Review by Rajeev Masand on News18
Pritam’s music is inventive and infectious; and the film’s format really gives the composer an opportunity to fly. Ravi Varman’s camerawork also deserves special mention; the film is exceptionally shot. This is a movies made with passion, powered by some great ideas and an experimental spirit. A scene at a birthday party in which a stray line of dialogue becomes the chorus of a musical number is just one of the best bits in the movie. There are others too, rare moments of genuine feeling. But it’s a shame Jagga Jasoos is never more than the sum of its parts. The film’s heart – the moving father-son dynamic – is buried somewhere under all the manic Tintin-like adventure and the sensory overload it triggers. Clocking in at 2 hours and 49 minutes, much of what’s good in the film is lost amidst the many indulgences.
Review by Mayank Shekhar on Mid-Day India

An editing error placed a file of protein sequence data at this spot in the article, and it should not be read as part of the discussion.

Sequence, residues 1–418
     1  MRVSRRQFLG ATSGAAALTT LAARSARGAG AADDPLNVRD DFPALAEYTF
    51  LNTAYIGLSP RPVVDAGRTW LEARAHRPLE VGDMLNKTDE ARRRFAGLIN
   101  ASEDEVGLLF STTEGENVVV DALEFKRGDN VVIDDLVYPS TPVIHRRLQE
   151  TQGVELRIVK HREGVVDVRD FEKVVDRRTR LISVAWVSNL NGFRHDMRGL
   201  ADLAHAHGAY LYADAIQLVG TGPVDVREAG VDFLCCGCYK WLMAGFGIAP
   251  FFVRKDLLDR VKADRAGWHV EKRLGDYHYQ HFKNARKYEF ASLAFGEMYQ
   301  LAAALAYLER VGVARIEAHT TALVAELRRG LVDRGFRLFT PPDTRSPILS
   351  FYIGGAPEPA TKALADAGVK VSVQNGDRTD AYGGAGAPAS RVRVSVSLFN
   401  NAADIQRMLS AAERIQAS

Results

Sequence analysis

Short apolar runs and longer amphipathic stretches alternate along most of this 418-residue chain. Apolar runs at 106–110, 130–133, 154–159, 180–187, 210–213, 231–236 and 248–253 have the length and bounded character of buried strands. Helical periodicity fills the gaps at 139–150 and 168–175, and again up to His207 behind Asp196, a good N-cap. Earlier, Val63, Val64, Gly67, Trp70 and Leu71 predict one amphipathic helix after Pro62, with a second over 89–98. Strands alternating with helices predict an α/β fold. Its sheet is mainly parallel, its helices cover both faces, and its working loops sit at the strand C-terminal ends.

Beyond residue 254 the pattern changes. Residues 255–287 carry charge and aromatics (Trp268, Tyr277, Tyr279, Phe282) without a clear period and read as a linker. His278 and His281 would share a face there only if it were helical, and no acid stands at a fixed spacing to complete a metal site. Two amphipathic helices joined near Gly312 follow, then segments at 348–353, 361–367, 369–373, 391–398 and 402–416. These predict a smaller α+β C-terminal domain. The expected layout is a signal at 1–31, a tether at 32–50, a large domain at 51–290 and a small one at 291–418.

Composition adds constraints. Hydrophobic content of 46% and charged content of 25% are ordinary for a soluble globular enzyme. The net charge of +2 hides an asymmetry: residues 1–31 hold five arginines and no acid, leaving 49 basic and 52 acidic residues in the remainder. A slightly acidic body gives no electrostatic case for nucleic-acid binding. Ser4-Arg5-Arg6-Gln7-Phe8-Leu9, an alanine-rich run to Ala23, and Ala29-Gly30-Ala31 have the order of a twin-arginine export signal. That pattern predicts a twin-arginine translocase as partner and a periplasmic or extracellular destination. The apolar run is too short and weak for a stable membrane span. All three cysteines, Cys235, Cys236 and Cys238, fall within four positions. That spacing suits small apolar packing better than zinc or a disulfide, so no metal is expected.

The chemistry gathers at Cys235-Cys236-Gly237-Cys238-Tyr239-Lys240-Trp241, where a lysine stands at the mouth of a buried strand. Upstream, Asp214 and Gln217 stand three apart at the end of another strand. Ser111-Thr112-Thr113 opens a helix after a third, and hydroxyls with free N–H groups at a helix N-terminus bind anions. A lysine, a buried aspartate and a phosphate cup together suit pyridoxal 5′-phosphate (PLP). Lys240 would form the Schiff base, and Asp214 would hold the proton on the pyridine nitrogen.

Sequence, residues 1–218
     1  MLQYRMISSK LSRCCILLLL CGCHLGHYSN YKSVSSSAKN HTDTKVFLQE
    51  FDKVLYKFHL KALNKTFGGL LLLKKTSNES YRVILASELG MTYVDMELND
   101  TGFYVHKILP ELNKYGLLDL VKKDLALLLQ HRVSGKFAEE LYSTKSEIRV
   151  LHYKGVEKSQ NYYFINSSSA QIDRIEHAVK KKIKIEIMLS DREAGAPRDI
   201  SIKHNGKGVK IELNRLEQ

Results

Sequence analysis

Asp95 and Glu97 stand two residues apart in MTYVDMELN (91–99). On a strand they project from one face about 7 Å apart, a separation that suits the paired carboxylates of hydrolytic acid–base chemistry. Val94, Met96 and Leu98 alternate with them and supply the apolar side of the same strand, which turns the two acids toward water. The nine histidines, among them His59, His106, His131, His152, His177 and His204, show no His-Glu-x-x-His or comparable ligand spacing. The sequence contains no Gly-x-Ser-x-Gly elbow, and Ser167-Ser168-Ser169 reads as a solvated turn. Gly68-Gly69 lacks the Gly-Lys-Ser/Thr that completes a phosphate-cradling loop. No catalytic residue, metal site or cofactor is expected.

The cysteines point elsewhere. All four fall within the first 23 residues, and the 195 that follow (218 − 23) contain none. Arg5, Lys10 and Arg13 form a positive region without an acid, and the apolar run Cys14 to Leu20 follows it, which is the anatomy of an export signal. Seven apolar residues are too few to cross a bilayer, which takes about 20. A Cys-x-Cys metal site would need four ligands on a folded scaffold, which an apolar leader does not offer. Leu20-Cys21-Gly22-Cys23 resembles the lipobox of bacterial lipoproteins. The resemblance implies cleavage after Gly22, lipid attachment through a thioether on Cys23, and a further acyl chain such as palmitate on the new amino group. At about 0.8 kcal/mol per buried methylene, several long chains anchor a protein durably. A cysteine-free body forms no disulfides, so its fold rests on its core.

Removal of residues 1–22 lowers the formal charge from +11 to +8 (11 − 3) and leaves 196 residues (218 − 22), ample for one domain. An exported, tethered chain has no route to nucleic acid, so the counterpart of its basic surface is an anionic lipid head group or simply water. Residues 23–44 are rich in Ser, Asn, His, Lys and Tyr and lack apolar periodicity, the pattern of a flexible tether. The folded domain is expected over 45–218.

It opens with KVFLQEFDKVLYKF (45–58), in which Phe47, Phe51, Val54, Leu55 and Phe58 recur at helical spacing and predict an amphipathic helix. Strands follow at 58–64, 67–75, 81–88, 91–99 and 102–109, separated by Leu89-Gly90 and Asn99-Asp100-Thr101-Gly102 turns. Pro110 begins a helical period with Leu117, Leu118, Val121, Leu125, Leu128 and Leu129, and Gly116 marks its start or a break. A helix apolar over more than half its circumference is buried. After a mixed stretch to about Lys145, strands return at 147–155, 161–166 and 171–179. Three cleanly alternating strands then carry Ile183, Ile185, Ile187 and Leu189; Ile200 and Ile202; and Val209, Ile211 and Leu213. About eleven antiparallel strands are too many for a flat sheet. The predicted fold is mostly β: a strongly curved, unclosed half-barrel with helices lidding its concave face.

You can tell the filmmakers are attempting to create a semi-alternate world. Where does the world start falling flat ever so progressively? Well. It’s one thing to feel like you’re on a ride, quite another if you’re tired of travelling all over the place. There’s clearly an issue if you’re mildly gob-smacked by the spectacle and the choreography, but care less for what happens next, and more for when this will all end. Maybe I was this film’s target audience once (at least I’ve something to recommend to my little niece). And maybe age has nothing to do with the audience anyway. Either case, this is certainly something you haven’t checked out on the Indian screen before (so what if that’s not always a compliment).
Review by Vishal Verma on Glamsham
Ranbir Kapoor is exceptional. You cannot take your eyes off him and the actor in his brilliance which will spread like a virus amongst his followers who will be completely awed by his magical performance. Katrina Kaif has her moments and she is charming (again the makers have to justify her accent). Saurab Shukla is fine. Saswata Chatterjee (KAHANI fame) is outstanding. All said and done, JAGGA JASOOS is a missed opportunity in the end. This surprise musical fantasy solely rides on Ranbir Kapoor’s infectious charm and those couple flashes of brilliance. Watch it if you have the patience and appreciation for something brave and different.
Review by IANS on Sify